Henry VIII’s decision to take England out of Catholic Europe—arguably the first ‘Brexit’—had dramatic repercussions on its place in the world in terms of trade links, military power, diplomatic influence, and within the emerging ‘new world’. European alliances and centuries-old enmities were redrawn according to new religious divides, and closer to home the battle between Presbyterianism and Catholicism in Scotland had dramatic political consequences for Anglo-Scottish relations. Nowhere was this more keenly felt than London—the heart of diplomacy and trade.
Mary Queen of Scots was seen as a potential successor to Elizabeth and champion for the Catholic counter-Reformation. Her execution on 8 February 1587 paved the way for the accession of her Protestant son James, uniting the crowns of two countries that had intermittently been at war for centuries. This was a seismic change to the political landscape and had a major impact on London. Increasingly it became the fulcrum of the royal court for both kingdoms, and therefore the location of the attempted Catholic gunpowder plot to assassinate the new king and his parliament in 1605.
The Reformation had an even more divisive impact on Ireland, with Protestantism limited in its spread but claiming a monopoly of political power, which led to bitter divisions within society. The existence of a large Catholic population so close to England was a major concern for Tudor and Stuart monarchs, who feared that Ireland could be used as a springboard for rebellions or foreign invasions. Various military interventions in Irish affairs on religious grounds caused deep-rooted resistance to English rule and a Protestant-Catholic schism that can still be felt today.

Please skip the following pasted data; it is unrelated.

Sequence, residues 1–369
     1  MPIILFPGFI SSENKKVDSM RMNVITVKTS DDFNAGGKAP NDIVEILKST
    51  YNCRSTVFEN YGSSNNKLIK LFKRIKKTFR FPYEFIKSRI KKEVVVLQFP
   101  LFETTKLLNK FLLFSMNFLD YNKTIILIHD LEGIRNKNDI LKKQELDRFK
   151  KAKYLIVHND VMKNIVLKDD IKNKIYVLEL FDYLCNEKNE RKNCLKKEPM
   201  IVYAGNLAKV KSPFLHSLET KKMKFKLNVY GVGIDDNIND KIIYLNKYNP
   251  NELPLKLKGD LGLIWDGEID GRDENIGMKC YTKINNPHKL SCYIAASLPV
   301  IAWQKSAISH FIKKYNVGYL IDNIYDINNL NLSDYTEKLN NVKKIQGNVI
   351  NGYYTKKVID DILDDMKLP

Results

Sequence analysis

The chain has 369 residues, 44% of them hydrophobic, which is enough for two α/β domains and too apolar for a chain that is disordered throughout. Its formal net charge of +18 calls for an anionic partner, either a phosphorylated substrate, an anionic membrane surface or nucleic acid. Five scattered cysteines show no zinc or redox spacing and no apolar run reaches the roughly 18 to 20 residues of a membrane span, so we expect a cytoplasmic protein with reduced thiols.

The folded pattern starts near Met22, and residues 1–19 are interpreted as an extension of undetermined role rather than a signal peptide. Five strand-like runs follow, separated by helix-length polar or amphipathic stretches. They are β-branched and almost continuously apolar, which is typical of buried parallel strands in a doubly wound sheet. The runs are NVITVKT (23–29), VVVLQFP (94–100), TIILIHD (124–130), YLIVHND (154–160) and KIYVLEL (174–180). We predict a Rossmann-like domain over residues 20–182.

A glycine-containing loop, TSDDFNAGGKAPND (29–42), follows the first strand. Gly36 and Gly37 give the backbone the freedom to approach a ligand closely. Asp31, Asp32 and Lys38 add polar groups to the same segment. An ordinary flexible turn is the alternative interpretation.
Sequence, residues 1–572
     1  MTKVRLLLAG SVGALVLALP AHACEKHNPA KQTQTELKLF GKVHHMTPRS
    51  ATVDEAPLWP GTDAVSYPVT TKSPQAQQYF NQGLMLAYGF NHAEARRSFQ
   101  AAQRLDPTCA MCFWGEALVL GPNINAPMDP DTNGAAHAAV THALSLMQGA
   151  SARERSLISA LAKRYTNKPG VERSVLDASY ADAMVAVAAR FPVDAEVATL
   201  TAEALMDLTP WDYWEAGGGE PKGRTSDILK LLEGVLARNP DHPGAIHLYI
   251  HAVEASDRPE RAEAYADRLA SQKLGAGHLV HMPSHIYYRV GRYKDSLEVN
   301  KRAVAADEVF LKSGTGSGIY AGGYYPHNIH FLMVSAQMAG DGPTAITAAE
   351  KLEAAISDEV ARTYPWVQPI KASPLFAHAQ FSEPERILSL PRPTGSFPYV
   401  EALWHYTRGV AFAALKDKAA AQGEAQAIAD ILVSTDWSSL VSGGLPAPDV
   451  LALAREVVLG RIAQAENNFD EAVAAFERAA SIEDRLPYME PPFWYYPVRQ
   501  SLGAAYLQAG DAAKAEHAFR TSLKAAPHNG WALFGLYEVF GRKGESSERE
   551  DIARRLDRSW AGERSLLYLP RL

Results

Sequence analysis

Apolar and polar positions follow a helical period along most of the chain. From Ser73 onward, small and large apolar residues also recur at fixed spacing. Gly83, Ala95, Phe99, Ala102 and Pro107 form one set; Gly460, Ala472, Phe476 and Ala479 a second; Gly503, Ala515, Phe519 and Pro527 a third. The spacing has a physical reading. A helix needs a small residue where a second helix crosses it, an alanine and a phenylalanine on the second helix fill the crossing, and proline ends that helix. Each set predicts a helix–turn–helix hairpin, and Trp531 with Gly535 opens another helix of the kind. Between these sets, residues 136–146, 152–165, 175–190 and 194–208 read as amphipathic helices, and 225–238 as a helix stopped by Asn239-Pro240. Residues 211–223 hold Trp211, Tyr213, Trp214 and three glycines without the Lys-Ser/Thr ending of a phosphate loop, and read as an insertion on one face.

The new world order manifested itself most dramatically in England’s relationships with France and Spain, as centuries of diplomatic alignment were reversed. For example, English support for Protestants rebelling against their rulers in the Spanish-controlled Low Countries also led to growing political tension between the two former allies, England and Spain, now vying for supremacy of the high seas and control of new world riches flowing from colonies in north and south America.
Henry VIII had massively expanded the royal navy, largely in response to the very real fear of invasion from Catholic states after the break with Rome. London was one of the key sites that was chosen to pioneer new naval technology, with development of the docks at Deptford. The defeat of the Spanish Armada in 1588—an attempt to reconvert England to Catholicism—ushered in a golden age for England as a maritime nation. By the time the Mayflower sailed in 1620, Protestant beliefs were very much in the ascendant, exported across the world from English ports.
Capturing London was one of the prime objectives of the Spanish Armada because the city was becoming the heart of a new trading empire. Start-up commercial enterprises such as the Muscovy Company (1555) and the East India Company (1600) originated in London, bringing commodities such as cotton, silk, tobacco, tea and opium into the port and generating great wealth for the city.